I’m now in my fifth year without television, though I do cheat slightly in that I watch the glass teat when staying with TAG, an action that only confirms I made the right decision back in 2011.
Taking up the slack are films and TV series on DVD, some old treats revisited and new avenues explored. Last time I checked I had over fifty TV series saved up to watch, which is possibly a little bit too much conspicuous consumption come saving for a rainy day, and I have absolutely no idea how many films.
Anyway, here are some thoughts on TV series watched recently.
CSI/ CSI:NY/ CSI: Miami
Comfort viewing of a sort, if you can consider anything that involves horrific violence and detailed autopsies to be a comfort. I used to watch all three series back when I had TV and am now reprising them on cheap DVDs purchased from places like Poundland and That’s Entertainment. I prefer the original series, thanks mainly to William Pedersen as oddball forensic expert Grissom, while Miami is my least favourite, mainly because David Caruso as Horatio tries so hard to emote compassion at times it becomes positively creepy, while at other times he doesn’t seem that far removed from the bad guys he attempts to put behind bars (if they’re lucky). I don’t take these programmes seriously, but I enjoy their manic energy and music video pacing as beautiful people in designer threads solve crime with the latest gadget of the week that enables them to get images from a dead person’s eyeball or find fingerprints on a grain of sand. What surprises me though, is that while we get copious blood splatter and tormented flesh shown from each and every angle, interior and exterior, nobody ever seems to swear. The gangbangers and killers are all minus a potty mouth. It disturbs me.
Never seen this before, and I’m only three episodes into the first series. In complete contrast to CSI swearing seems to be de rigueur for the cast of Deadwood, to the point that I’m finding it almost risible. Similarly, Ian McShane’s turn as criminal mastermind and bar/brothel owner Al Swearengen (name is destiny) is starting to feel a little over the top, almost a panto villain as he has hissing fits and froths at the mouth every single time somebody opposes him. That aside, it has a great script and great cast, and I’m finding it a thoroughly absorbing account of the old west as it probably really was, a frontier town ruled by the gun and the dollar. And as I’ve already bought all three series, I guess I’ll be sticking with it.
I bought this solely because I loved the idea of taking the title of each episode in the first series from a Led Zeppelin track, and I have been pleasantly surprised. It takes a glamour plus approach to the world of espionage and national security, but not to the point viewer intelligence is insulted. There’s an engaging cast and some intriguing plot developments, with Piper Perabo excellent as ingénue agent Annie Walker, who has to get up to speed fast. I suspect there are some hard lessons waiting in Annie’s future. In many ways it reminds me of old favourite Alias, but without all the Rambaldi device nonsense and the need for the female lead to get her kit off and seduce somebody in every third or fourth episode.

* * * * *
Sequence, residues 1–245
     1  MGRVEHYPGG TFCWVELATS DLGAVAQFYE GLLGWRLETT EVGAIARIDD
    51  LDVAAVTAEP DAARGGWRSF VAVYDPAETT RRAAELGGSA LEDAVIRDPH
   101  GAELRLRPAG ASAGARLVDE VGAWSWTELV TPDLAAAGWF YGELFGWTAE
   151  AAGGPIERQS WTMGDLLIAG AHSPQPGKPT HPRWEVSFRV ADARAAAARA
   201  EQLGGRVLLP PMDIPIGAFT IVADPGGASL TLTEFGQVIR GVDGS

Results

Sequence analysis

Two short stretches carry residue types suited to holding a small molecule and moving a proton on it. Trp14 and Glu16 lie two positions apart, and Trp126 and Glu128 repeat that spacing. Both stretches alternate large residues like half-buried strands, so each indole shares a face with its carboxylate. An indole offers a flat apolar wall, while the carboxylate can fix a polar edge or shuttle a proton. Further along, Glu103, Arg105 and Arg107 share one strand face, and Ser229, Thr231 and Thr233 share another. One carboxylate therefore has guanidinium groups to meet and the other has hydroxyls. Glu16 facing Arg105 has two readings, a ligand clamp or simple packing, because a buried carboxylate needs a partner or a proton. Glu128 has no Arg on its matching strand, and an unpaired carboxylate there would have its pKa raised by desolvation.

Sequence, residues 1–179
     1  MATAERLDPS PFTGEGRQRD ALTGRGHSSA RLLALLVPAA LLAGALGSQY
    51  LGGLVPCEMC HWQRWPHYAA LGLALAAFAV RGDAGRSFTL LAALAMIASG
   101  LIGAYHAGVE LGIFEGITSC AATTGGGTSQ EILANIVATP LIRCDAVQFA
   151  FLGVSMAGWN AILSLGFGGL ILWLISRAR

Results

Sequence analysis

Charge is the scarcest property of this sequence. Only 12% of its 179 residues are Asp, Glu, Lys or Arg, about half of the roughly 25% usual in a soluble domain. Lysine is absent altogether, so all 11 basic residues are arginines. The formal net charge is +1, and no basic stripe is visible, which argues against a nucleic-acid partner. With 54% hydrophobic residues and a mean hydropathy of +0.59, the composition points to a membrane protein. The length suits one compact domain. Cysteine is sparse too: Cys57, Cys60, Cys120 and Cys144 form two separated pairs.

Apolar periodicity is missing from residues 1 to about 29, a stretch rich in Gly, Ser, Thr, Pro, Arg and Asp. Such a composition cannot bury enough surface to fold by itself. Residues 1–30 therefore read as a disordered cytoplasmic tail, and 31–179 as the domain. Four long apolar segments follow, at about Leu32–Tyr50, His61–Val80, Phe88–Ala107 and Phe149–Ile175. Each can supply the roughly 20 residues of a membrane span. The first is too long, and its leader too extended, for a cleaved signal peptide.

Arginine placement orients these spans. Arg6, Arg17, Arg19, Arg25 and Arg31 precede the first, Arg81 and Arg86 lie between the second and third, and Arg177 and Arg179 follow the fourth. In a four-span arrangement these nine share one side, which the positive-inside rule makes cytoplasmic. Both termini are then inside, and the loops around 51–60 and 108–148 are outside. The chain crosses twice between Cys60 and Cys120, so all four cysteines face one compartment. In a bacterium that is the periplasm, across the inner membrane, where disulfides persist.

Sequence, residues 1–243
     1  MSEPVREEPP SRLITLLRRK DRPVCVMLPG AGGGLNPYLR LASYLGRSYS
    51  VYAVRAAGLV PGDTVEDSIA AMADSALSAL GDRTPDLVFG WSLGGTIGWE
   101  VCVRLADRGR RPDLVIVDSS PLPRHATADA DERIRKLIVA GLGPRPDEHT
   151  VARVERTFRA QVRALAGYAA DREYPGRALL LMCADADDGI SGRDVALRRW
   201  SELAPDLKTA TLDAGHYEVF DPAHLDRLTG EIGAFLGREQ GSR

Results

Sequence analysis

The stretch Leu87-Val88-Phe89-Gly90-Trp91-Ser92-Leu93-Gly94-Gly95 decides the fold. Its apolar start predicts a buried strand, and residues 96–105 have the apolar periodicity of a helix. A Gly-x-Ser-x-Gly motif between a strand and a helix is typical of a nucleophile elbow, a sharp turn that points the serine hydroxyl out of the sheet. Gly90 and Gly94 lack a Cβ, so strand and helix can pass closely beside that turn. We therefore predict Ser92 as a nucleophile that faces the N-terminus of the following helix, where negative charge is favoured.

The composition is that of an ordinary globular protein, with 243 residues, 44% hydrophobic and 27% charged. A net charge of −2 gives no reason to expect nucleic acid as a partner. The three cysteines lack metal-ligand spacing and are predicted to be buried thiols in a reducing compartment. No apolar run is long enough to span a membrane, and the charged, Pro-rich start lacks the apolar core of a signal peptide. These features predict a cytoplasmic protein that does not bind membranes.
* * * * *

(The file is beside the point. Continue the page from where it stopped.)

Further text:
American Horror Story
I had high hopes, but as far as the first series went I just couldn’t get on with it. I never had the feeling that the writers knew what they were doing; it just felt like they were throwing shit at the screen to see how much would stick, with yet more revelations about the house at the centre of the story moving out of the darkness with each new episode. It all got to seem a little too much, with credibility jeopardised the longer the story went on. In the UK local councils will order the demolition of infamous crime scenes to deter ghouls, but in the US it seems the house will be left standing so that four or five more generations of killers can take up residence and then they add it to a sightseeing bus tour. Yes, Jessica Lange was very good, but apart from that I wasn’t especially impressed.
The Addams Family
I used to love this show as a kid, but not as much as The Munsters. Forty to fifty years on, though I still adore both programmes, I find that my allegiance has changed. The Addams Family seems fresher and more original, with a sharper sense of humour and snappier dialogue, while The Munsters is simply the Universal monsters given different names and doing stand-up. The adult me also finds Morticia a lot more attractive than the once adored Lily, but that’s something I shouldn’t share with anyone except possibly my psychiatrist.
That’s enough for today, though I reserve the right to return to this subject at some future date if nothing more interesting comes to mind.